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Persistently high failure rates that are reported after rotator cuff repairs have encouraged greater understanding of the pathophysiology that underlies rotator cuff tears. Biologic changes that contribute to the pathogenesis of rotator cuff tears and tendinopathies, as well as adaptation after these changes, have been well described. A subset of patients with a genetic predisposition to early onset of rotator cuff tears and earlier symptom and disease progression have been identified. Many biologic changes occurring at the gene level have been identified. Pathways that are believed to contribute to rotator cuff tendinopathies include extracellular matrix remodeling, angiogenesis, changes in metabolism, apoptosis, and stress-related genes. Metaplasia of rotator cuff cells is contributed to by changes in gene expression. Modification of these gene changes may be possible through mechanical loading, drugs, or cellular manipulation. Gene changes may offer greater insight into why certain tears fail to heal and help to identify therapeutic targets.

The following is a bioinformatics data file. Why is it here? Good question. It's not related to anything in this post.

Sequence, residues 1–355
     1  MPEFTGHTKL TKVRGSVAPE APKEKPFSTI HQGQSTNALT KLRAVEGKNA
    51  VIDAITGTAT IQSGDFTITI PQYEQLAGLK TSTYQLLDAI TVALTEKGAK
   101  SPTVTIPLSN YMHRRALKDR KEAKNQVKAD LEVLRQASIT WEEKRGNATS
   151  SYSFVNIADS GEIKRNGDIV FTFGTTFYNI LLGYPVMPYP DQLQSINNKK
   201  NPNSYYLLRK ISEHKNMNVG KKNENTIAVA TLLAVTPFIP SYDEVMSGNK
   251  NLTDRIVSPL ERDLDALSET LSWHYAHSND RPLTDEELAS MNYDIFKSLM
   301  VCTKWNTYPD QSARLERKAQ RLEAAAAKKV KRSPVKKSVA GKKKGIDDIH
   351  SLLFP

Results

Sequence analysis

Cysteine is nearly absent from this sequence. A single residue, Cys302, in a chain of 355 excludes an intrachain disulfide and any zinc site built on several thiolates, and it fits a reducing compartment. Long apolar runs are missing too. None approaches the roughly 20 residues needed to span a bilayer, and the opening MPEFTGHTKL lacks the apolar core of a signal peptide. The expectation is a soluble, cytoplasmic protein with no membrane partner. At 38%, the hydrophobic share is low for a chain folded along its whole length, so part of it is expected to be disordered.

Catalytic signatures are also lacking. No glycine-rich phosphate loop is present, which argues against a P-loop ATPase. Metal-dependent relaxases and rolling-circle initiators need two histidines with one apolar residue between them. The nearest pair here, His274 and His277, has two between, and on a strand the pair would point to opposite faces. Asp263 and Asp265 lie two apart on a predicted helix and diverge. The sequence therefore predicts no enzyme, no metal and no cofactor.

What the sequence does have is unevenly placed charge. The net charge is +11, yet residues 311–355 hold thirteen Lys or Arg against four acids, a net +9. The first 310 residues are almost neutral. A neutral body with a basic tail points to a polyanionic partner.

Original publication




Journal article


Journal of shoulder and elbow surgery

Publication Date





191 - 199


Nuffield Department of Orthopaedics, Rheumatology and Musculoskeletal Sciences, Musculoskeletal Biomedical Research Unit, National Institute for Health Research, University of Oxford, Oxford, UK.


Rotator Cuff, Extracellular Matrix, Humans, Tendon Injuries, Genetic Predisposition to Disease, Risk Assessment, Wound Healing, Gene Expression Regulation, Needs Assessment, Tendinopathy, Rotator Cuff Injuries